Most people thought this trade-war would be a short affair, but it looks like this may just turn into a long drawn-out, ugly battle between the two largest economies in the world. So as an Amazon seller or someone who imports their goods from China, how are you supposed to deal with this?
In this article we outline some options you have as Amazon Seller to limit the impact of this trade war. Here is a list of things you can consider doing to mitigate the impact of the current trade war.
Move to Hong Kong and become a cross-border seller
If you can, moving your business to Hong Kong can have a number of perks. From Hong Kong, you can sell cross-border and enjoy multiple tax perks including:
- Low profit taxes (8% – 16.4%)
- Sell duty-free into the United States
Source manufacturers in other countries
Many larger companies have already started moving their manufacturing away from China, even before the trade war. However, a quick search for watch manufacturers in Vietnam will show you that there really is no place like China for sourcing goods. But that doesn't mean you should give up. With the big players moving more and more manufacturing to other countries (specifically South-east Asia), you'll be finding more and more goods in those areas. Some of the best places for you to search are Vietnam, India and Mexico.
If you are able to source your goods outside of China, it's often advised to do this transition slowly, as problems may arise with the new purveyor that could cause a massive delays in your product line.
Pass on the cost to the consumer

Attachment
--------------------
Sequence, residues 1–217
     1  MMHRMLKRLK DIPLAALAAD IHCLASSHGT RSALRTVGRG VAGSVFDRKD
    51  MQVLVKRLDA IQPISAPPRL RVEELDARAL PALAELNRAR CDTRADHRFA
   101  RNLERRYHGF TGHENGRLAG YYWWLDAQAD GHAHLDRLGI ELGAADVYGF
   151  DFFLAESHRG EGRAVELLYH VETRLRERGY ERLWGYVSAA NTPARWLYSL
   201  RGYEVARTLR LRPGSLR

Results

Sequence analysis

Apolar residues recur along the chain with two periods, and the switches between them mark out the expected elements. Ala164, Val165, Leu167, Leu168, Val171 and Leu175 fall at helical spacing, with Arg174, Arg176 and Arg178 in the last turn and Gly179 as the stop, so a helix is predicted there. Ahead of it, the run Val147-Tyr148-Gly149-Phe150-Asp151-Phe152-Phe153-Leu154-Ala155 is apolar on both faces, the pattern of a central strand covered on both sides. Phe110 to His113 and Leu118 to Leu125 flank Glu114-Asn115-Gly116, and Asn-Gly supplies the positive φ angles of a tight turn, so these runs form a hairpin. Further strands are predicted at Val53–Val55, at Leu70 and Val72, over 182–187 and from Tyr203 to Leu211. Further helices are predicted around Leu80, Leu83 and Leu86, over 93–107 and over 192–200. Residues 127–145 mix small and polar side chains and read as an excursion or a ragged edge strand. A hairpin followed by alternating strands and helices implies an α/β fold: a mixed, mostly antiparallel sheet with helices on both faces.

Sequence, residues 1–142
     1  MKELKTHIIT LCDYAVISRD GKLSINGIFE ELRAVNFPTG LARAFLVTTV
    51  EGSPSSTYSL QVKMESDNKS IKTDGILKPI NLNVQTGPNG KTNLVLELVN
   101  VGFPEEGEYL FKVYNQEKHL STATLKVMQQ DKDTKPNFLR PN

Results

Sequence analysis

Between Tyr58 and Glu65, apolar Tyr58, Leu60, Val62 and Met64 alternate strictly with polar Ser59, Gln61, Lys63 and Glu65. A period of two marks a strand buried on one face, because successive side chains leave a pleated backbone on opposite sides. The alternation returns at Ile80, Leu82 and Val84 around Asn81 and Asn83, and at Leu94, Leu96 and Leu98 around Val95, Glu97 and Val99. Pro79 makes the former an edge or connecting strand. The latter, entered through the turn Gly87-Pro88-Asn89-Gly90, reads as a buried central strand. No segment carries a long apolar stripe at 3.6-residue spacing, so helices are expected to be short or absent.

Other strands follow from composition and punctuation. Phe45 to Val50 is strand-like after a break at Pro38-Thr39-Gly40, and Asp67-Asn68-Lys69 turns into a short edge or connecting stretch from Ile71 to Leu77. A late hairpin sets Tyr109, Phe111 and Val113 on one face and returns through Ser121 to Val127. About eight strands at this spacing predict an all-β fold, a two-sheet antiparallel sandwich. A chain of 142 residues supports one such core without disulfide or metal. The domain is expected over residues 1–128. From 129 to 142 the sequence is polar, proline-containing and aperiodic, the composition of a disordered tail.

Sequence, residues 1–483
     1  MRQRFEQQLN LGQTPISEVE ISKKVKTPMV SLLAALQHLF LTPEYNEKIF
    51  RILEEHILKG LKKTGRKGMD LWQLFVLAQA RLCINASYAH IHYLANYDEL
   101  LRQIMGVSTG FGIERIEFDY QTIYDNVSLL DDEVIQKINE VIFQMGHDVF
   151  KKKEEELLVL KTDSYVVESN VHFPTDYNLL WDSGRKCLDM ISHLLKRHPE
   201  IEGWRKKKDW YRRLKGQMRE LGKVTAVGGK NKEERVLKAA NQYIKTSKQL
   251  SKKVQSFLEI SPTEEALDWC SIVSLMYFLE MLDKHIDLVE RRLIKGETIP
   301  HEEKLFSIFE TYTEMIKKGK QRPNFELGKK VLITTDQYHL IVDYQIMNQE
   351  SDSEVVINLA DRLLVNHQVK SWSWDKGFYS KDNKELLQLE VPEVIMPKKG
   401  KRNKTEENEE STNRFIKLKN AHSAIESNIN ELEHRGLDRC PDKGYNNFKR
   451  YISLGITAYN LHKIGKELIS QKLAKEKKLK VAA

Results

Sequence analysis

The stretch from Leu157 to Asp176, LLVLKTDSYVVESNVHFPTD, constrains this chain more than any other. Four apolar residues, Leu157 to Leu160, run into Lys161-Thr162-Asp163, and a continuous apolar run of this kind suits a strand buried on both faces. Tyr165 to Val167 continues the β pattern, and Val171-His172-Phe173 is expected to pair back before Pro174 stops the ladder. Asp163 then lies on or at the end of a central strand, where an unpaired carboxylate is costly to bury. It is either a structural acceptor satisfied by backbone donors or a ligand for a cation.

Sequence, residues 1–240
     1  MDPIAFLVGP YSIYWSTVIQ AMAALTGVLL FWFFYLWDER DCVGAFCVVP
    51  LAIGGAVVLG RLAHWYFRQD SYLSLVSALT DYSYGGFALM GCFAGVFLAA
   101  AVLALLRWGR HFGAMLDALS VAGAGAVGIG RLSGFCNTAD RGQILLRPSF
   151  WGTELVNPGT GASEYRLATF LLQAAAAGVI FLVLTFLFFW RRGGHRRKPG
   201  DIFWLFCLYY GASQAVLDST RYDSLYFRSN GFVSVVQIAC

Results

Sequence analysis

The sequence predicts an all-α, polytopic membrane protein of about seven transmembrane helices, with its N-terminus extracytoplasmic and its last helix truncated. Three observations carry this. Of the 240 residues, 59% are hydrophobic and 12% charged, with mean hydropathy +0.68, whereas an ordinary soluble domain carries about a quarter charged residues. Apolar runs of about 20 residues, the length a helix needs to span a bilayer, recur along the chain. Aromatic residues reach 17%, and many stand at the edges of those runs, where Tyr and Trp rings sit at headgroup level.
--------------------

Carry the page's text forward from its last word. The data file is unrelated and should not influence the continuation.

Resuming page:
Most businesses will pass the cost of the tariffs along to the consumer, but in some cases this isn't possible. Price sensitive products will have a tough time during the trade war.
Shut down product line
This isn't ideal, but it's better than losing money. If your customers won't eat the cost of the tariffs and/or you can't find a way to reduce your costs, then shutting down that product line may be your best option. It's better than losing money.
Avoid targeted product categories
This is a no brainer, but assuming new tariffs will remains limited to specific categories, you can just avoid products on the tariff list. Of course, this is easier said than done.
Negotiate with suppliers and manufacturers.
Talk with your suppliers and manufacturers to see what they can do to keep costs low. Maybe you can promise to raise your inventory levels for increased discount.
Consider pricing strategies.
Be aware if you’re a 1P seller with a Vendor Central account that Amazon doesn’t accept price increases as a rule. One way around that is to release a new version -- 2019 editions may be popular this year -- of a current product at a higher price. 1P sellers have more flexibility to set retail prices. Be careful not to increase your item prices above list prices, as doing so can keep you out of the Buy Box altogether. If you’re a reseller without brand registry ability, communicate with brands ahead of time about raising the list prices in question. Private label sellers have the most price flexibility of all those selling on Amazon.
Stock up on inventory.
It may be less expensive in the short-term to stock up on inventory ahead of the threatened January tariff increase, even if you have to look to third party logistics providers. Switching to Seller Fulfilled Prime may be another option that ends up cheaper now than paying the higher tariffs later. For FBA sellers, know that Amazon now determines your FBA capacity based on the sell-through rate of each individual SKU. This means that slower-moving items may end up with a cap on inventory levels. You may want to create an FBA shipment now to test those waters.
Although not ideal, there are ways to mitigate losses during this trade war. If you can think of any other ones, please let us know by leaving a comment below.